Prince Felix Yusupov was born in Saint Petersburg. As a young man, married Irina Romanov, the niece of Nicholas II. Like many members of the Royal Court, Yusupov objected to the influence that Grigory Rasputin had over the Tsar and his wife, Alexandra Fedorovna.
In 1916 rumours began to circulate that Alexandra and Rasputin were leaders of a pro-German court group and were seeking a separate peace with the Central Powers.
Rasputin was also suspected of financial corruption and right-wing politicians believed that he was undermining the popularity of the regime. In December, 1916, Yusupov and Vladimir Purishkevich, the leader of the monarchists in the Duma, with Grand Duke Dmitri, formed a conspiracy to murder Rasputin.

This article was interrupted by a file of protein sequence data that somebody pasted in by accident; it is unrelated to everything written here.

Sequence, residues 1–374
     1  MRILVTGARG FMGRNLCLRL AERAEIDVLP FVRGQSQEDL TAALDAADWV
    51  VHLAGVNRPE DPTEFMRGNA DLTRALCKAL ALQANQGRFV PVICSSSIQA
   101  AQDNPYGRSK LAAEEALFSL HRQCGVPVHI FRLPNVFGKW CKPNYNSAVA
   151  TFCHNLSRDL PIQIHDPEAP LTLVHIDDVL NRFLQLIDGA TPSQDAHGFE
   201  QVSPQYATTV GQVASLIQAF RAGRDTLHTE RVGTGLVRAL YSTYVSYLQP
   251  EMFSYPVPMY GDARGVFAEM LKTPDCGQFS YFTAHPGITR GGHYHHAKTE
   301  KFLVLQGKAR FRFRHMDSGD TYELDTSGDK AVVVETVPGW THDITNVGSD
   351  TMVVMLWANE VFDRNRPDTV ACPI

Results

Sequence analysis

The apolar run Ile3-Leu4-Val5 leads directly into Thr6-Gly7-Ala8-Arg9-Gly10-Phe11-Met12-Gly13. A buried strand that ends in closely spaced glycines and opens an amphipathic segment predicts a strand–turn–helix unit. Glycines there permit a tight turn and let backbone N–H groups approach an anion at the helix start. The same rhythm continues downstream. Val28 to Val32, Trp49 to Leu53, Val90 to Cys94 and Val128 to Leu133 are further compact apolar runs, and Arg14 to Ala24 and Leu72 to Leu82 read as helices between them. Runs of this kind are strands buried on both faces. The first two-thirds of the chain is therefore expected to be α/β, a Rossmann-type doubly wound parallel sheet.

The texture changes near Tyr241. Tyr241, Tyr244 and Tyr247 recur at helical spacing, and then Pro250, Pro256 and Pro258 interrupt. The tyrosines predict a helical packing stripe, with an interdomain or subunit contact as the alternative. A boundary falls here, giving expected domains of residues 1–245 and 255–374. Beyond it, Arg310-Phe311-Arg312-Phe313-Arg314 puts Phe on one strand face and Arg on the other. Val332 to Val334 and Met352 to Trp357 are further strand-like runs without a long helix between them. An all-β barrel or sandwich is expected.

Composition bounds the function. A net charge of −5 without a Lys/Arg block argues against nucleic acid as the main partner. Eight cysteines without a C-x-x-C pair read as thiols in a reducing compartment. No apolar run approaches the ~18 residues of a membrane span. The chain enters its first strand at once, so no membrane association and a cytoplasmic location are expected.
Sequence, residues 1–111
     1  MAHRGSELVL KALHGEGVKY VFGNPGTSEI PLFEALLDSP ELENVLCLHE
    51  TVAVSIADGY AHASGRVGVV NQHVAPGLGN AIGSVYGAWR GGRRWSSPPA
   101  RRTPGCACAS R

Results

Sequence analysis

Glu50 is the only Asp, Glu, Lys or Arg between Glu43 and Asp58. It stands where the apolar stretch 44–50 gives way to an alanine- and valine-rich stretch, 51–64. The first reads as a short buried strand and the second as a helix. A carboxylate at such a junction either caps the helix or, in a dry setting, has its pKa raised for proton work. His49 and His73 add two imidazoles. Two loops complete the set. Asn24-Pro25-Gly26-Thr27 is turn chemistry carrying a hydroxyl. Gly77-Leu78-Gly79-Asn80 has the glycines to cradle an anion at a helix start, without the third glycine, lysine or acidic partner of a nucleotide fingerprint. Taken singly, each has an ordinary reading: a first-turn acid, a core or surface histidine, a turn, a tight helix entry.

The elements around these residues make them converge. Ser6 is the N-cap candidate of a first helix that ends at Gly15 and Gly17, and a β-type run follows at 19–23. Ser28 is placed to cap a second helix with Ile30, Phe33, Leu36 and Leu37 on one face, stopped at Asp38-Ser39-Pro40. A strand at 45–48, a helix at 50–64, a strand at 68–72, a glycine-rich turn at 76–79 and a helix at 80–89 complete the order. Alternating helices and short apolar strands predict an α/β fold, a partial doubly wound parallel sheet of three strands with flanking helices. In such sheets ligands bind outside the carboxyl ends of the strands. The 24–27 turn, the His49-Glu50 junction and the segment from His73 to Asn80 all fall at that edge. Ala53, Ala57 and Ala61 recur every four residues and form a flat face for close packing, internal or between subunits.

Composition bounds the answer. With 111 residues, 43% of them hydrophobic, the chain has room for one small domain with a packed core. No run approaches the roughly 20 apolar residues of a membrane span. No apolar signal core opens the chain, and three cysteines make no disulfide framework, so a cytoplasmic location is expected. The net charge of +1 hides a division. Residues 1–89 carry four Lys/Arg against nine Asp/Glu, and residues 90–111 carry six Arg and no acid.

On 29th December, 1916, Grigory Rasputin was invited to Yusupov's home in St. Petersburg, where he was given poisoned wine and cakes. When this did not kill him he was shot by Yusupov and Purishkevich and then dropped through a hole in the frozen canal outside the house.
After the Russian Revolution Yusupov emigrated to the United States. His memoirs, Lost Splendor, was published in 1953.
He was a known bisexual and transvestite, and some have asserted that he and Grand Duke Dmitri were lovers as well as fellows in the murder of Rasputin. Felix claimed to have seduced King Edward VII of England while in drag.
The prediction made by Grigory Rasputin that disaster would come to anyone who tried to harm him proved to be incorrect and Felix Yusupov died aged 81 in Paris, France.